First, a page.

Research disciplines and topics

I conduct research at the interface of the following disciplines:

  • Pragmatics
  • Argumentation theory
  • Cognitive Science
  • Discourse Analysis

These are my main research topics:

  • Deception and uncooperative communication
  • Cognitive aspects of (fallacious) argumentation
  • Commitment in linguistics and pragmatics
  • Persuasiveness of conspiracy theories
  • Humour
Current research

My current areas of research lie at the interface between (cognitive) pragmatics, linguistics, cognitive psychology, argumentation theory and discourse analysis and are broadly concerned with the relationship between language and beliefs. After my PhD research, which was devoted to the pragmatics of uncooperative communication, I have taken a strong interest in the study of argumentative practices, which I approach from four complementary perspectives. Here is an overview of my research on argumentation:

  1. From a methodological perspective, I am interested in showing how cognitive pragmatics – in particular the framework’s ability to account for the notion of commitment attribution (Morency et al. 2008, Saussure & Oswald 2008, 2009) – can shed light on the reconstruction of material that arguers leave implicit (both premises and standpoints) in their argumentations (see Oswald 2016b, in prep.)
  2. From a theoretical perspective, I investigate how cognitive pragmatic accounts of information processing are able to shed light on traditional issues in argumentation theory such as argumentative effectiveness. The originality of this research lies both in its linguistic and pragmatic approach to rhetorical effectiveness (Oswald 2016a) and in its attempt to exploit the theoretical convergence between argumentation research and cognitive science (see Oswald & Hart 2013, Oswald & Rihs 2014, Lewiński & Oswald 2013, Oswald & Lewiński 2014). See also my co-edited book with Thierry Herman (2014) and my recent co-edited special issue of the Journal of Argumentation in Context (2020).
  3. From an empirical perspective, my latest project is about argumentative features of conspiracy theories (CTs). Drawing on interdisciplinary research on CTs, I try to account for the argumentative patterns that can be found in them in order to provide answers to their circulation at the population scale, which amounts, in this work, to assessing the reasons of their persuasiveness (see Oswald 2016b, Oswald & Herman 2016, Oswald & Herman in prep.).
  4. From an experimental perspective, I am involved in two research projects meant to test the cognitive parameters behind the effectiveness of two argumentative fallacies, namely the ad populum fallacy (Ozols et al. submitted.) and the straw man fallacy (Schumann et al. 2019, Schumann at al. submitted). The basic idea of these experimental designs is to identify the linguistic and pragmatic conditions under which these fallacies are likely not to be noticed as such, which, in turns, would explain their rhetorical appeal.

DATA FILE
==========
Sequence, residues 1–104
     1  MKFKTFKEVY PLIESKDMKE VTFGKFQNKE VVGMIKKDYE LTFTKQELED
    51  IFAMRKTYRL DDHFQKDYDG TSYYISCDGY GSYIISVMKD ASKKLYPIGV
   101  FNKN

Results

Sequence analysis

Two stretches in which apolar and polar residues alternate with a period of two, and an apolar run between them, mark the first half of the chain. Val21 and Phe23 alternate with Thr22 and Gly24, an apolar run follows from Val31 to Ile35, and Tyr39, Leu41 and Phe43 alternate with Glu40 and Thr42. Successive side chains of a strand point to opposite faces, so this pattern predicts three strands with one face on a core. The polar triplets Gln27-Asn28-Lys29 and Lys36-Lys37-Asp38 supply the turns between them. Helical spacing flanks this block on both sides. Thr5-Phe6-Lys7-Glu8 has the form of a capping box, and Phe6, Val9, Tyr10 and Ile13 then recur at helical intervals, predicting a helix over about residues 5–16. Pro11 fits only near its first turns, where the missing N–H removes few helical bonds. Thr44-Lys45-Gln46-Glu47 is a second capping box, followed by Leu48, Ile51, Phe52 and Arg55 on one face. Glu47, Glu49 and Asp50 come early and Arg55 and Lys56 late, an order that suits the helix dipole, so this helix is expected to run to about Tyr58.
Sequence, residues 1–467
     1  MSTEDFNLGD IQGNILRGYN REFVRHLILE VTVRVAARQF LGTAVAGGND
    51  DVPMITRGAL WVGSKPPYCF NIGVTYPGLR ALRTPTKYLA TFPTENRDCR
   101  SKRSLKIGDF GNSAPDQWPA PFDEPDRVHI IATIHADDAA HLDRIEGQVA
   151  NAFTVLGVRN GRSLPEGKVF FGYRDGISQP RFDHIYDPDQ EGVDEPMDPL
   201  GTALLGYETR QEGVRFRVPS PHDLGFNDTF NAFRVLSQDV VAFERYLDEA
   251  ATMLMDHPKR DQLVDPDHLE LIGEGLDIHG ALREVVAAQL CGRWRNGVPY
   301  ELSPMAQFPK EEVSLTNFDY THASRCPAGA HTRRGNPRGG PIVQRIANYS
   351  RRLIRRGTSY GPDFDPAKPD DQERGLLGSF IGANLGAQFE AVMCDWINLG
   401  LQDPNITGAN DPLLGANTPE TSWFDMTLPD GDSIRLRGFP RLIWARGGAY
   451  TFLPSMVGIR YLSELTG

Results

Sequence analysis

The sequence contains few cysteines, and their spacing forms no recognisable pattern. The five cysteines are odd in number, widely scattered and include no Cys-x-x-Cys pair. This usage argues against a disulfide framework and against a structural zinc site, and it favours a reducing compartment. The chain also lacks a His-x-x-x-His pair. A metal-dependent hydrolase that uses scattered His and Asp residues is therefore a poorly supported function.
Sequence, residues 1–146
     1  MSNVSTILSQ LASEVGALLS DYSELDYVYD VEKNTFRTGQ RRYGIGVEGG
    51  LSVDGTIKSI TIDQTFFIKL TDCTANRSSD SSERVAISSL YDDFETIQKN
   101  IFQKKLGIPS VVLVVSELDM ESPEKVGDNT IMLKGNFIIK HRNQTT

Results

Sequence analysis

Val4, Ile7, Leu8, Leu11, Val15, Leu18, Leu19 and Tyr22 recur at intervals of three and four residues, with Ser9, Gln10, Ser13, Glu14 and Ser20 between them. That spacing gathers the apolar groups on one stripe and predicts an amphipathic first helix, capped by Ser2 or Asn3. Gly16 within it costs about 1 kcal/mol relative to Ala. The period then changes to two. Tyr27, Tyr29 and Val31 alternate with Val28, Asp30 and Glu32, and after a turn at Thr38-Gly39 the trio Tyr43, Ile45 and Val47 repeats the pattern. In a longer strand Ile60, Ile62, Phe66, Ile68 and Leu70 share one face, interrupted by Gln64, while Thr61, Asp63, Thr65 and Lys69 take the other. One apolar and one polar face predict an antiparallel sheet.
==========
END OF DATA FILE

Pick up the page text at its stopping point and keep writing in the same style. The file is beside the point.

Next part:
In the field of pragmatics, I am currently investigating the phenomenon of insinuation, by tackling the quasi-consensual claim that insinuation is not committing by virtue of its plausible deniability (Oswald, in prep.).

PhD Thesis

Pragmatics of uncooperative and manipulative communication (defended 13 December 2010), under the supervision of prof. Louis de Saussure (University of Neuchâtel). Examined by prof. Didier Maillat (University of Fribourg), prof. Frans van Eemeren (University of Amsterdam), prof. Paul Chilton (University of Lancaster), prof. Fabrice Clément (University of Neuchâtel).


This dissertation tackles the issue of uncooperative and manipulative communication from a cognitive pragmatic perspective and develops and documents the fundamental hypothesis that its success depends on whether the manipulator manages to keep the manipulative intention concealed. Specifically, manipulative communication is conceived here as a twofold process meant to i) mislead the addressee into processing limited sets of contextual information and ii) prevent her/him from processing contextual information that would be detrimental to the success of the manipulative attempt.

The dissertation draws on several fields of research in the Humanities and attempts to interface findings from cognitive psychology (mainly research on cognitive biases) and argumentation theory (research on fallacies) into a consistent cognitive pragmatic account of information-processing. To this end, the so-called Contextual Selection Constraint model (CSC) is presented; this model specifies from a theoretical perspective how certain linguistic and argumentative strategies can be used to constrain the comprehension procedure so that targeted assumptions end up partaking in the derivation of meaning and other unwanted assumptions turn out to be disregarded – or unprocessed altogether. These possibilities are conceived as natural potential consequences of our cognitive system’s inherent fallibility.

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